The UG’s energy bills will potentially rise to 57 million in 2023. From 2009 to 2021, the university paid approximately 8 million a year. The institute can no longer wait to take action.
So says a memo the Energy Taskforce sent the board of directors. ‘Where conserving energy was once a luxury, it’s now become a necessity. There are no more “sacred cows”’, the Taskforce memo reads. ‘The current state of the energy market requires us to take action.’
The Taskforce, which consists of, among others, Dick Jager with the Green Office and energy manager Kor Smith, as well as scientists and engineers, has spent the past few years cataloguing the various ways the UG can start conserving energy at the various faculties.
The most can be gained by making changes to the so-called ‘comfort times’, they say. Comfort times are the hours during which buildings are heated to a standard temperature of 19 degrees Celsius. Right now, UG buildings are in operation a total of 32,000 hours a week, and they are constantly being heated. By switching to night mode at night and during the weekends, the UG would be able to save over 5,600 hours.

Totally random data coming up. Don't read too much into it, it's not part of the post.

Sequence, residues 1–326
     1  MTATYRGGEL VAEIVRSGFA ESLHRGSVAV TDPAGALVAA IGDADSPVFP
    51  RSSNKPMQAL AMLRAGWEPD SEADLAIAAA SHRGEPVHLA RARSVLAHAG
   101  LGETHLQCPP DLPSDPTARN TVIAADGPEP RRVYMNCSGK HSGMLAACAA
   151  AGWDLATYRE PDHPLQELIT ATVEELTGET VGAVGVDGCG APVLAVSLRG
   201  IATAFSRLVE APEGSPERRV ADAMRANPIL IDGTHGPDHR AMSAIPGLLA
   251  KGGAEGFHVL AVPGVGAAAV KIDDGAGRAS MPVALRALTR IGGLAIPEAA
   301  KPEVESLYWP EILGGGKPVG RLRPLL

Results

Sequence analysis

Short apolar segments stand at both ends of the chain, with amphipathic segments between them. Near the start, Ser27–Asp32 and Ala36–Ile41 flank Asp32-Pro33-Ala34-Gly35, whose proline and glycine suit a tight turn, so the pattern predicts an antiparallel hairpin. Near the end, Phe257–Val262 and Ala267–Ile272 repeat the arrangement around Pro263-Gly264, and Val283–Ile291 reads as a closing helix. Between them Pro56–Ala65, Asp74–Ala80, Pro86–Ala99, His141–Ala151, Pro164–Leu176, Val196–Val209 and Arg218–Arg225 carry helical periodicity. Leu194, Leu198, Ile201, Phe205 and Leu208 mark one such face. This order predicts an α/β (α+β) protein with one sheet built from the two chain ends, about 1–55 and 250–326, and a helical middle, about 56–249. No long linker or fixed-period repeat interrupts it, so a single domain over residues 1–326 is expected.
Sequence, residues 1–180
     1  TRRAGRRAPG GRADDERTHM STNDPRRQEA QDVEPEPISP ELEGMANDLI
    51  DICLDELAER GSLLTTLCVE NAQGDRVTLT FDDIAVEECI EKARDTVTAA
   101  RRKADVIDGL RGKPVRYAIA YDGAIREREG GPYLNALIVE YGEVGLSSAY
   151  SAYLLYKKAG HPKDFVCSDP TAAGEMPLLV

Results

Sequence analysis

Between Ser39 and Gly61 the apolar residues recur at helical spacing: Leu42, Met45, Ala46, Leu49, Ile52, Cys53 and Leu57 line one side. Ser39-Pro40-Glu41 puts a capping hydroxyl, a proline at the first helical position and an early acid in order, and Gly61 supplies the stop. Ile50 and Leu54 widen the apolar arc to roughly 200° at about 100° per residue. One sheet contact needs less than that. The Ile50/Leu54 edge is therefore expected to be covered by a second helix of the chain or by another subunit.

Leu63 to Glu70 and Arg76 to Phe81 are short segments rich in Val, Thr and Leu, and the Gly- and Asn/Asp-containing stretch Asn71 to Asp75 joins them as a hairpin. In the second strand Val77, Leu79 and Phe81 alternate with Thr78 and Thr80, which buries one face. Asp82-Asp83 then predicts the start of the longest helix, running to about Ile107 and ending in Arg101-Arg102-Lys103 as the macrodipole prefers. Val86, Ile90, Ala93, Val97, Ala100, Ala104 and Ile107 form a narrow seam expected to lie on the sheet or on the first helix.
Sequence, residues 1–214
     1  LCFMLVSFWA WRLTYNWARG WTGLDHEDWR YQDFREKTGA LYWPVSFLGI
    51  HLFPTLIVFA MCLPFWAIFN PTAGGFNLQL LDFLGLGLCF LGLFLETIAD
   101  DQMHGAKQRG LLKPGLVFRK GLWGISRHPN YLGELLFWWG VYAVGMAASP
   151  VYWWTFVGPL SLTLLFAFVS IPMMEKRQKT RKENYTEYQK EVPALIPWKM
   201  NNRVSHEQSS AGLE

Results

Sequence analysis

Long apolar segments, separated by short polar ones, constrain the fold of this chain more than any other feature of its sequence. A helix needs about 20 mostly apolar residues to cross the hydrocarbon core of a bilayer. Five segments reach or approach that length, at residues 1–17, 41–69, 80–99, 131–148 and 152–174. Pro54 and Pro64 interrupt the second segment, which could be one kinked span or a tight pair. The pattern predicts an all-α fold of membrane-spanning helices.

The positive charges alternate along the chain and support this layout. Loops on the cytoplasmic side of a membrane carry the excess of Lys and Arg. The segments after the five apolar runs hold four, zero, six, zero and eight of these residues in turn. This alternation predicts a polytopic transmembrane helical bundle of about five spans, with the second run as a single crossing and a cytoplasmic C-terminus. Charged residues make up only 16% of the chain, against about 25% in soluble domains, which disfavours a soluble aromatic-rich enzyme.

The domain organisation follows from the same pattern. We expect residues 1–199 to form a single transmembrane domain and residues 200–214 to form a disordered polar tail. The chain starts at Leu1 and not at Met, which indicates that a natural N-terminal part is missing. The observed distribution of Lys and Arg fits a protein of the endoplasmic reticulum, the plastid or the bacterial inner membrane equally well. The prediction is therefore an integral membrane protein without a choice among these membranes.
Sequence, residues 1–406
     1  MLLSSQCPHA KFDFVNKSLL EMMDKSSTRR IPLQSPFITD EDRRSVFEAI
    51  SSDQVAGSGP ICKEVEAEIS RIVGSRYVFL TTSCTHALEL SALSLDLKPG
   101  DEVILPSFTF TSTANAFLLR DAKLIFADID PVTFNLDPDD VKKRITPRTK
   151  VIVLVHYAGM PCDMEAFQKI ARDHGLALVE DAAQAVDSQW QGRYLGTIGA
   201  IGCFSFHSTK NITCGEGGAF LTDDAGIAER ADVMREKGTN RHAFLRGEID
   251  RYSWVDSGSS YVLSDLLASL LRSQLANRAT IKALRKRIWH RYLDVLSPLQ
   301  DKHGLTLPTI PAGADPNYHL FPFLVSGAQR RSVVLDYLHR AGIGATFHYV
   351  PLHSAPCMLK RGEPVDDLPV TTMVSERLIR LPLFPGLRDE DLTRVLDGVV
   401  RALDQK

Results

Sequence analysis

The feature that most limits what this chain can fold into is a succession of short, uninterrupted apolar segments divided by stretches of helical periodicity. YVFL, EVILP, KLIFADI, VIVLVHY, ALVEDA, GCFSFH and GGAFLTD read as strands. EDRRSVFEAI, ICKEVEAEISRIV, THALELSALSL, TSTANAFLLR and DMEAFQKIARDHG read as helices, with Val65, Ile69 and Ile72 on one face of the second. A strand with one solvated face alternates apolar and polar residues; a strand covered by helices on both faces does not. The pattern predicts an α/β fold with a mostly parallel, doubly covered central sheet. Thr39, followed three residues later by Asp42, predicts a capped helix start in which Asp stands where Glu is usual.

If the UG also reduces the buildings’ temperature from 21 to 19 degrees Celsius during the winter and doesn’t start cooling them in summer until the temperature has reached 26 degrees, it could save 20 percent. ‘I can’t say how much we’ll be able to save exactly’, says Dick Jager. ‘But it might be even more.’
The Taskforce doesn’t think the buildings’ opening hours will have to change. ‘The UG will always be open to everyone, but people do have to take into account the various comfort times for the different faculties.’
The UG will also take long-term action, such as sustainable new properties, increasing its own sustainable energy production, and improving energy labels.
An extensive communications campaign will kick off later this month. Jager: ‘We have to inform students and staff of what’s coming and that we’re going to be making some noticeable changes. We have no choice.’